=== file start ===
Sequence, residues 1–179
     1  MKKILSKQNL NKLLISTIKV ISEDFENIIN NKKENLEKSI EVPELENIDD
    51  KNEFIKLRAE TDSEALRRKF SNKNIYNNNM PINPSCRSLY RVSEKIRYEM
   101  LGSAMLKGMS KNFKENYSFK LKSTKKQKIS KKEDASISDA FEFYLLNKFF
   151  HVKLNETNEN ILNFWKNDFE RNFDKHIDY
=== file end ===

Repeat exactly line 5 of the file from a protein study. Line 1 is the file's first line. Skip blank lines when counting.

   151  HVKLNETNEN ILNFWKNDFE RNFDKHIDY